With these challenges in mind a new ‘skills certificate’ in CAT aimed at this group of workers was proposed to and approved by the training committee last year. The aim of this was to provide a ‘good and thorough enough’ working introduction to the CAT model to enable generic workers to helpfully inform and improve their practice both at an individual but also, importantly, at a common team level. This training initiative has parallels with longer introductory and team-based trainings being run elsewhere (e.g. by Dawn Bennett in Blackburn and the day hospital based training being run by James Low at Guy’s Hospital). The structure and content of this level of training will be described in further detail elsewhere but in summary, the proposal was to offer an intensive week’s teaching on the CAT model of development and psychopathology, on the ‘nuts and bolts’ of therapy, the applications of CAT to different clinical issues and problems (especially the concept of the ‘difficult’ patient), consideration of process research with reference to CAT, practice on identifying RRPs and reformulating, and experiential sessions and discussion groups. Prior to this all participants would be expected to attend a confidential half-day ‘personal reformulation experience’ with a therapist from outside the city to explore what it was they brought to the work. This was considered to be of great importance in flagging up the importance of our (reciprocal) interactions and enactments in any therapeutic situation given that it was not feasible to expect participants to undertake a formal therapy themselves. Finally, all participants would be then expected to undertake two cases for formal CAT under supervision over a period of six months or so after the training in order to consolidate and extend their working knowledge of the model.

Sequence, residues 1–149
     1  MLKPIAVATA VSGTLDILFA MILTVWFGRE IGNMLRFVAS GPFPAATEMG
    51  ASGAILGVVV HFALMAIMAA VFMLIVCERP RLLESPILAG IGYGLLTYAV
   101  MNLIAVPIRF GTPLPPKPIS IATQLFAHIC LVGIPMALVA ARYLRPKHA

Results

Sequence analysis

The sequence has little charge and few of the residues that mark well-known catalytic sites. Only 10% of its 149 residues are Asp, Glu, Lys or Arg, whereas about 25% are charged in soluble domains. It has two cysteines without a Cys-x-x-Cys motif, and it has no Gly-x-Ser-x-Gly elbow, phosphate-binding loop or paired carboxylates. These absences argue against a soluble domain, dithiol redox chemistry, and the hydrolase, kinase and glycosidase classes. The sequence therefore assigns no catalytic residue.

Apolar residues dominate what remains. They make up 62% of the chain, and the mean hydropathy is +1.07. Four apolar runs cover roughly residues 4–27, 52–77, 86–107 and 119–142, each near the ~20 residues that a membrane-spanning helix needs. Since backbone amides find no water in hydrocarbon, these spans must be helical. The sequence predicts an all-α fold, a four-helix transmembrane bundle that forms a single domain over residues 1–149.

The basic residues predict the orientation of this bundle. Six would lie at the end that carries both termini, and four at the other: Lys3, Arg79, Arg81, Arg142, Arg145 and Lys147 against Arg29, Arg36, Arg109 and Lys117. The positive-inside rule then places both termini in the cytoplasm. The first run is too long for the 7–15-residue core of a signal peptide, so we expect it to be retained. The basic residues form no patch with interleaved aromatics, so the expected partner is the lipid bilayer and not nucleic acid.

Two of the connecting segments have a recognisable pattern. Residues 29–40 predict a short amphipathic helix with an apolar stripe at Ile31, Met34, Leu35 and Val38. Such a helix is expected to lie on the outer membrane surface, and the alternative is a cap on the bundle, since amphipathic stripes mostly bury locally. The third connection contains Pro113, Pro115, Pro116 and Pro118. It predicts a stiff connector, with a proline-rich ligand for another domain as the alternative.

Some limited funds had been made available locally in Sheffield to support such training initiatives, and so this training was proposed and offered on a pilot basis to one of the well-established community mental health teams (CMHTs) in the city by members of the CAT North training group. This project and its impact on the team will be the subject of a formal qualitative research evaluation but some preliminary and more subjective impressions of this experience may be of interest at this point.